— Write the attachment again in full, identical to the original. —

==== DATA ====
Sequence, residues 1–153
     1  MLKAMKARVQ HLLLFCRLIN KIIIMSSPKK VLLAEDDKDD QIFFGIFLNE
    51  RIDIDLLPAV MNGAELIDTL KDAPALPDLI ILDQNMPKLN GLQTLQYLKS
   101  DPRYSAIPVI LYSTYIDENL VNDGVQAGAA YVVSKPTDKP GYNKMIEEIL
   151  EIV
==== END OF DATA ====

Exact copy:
Sequence, residues 1–153
     1  MLKAMKARVQ HLLLFCRLIN KIIIMSSPKK VLLAEDDKDD QIFFGIFLNE
    51  RIDIDLLPAV MNGAELIDTL KDAPALPDLI ILDQNMPKLN GLQTLQYLKS
   101  DPRYSAIPVI LYSTYIDENL VNDGVQAGAA YVVSKPTDKP GYNKMIEEIL
   151  EIV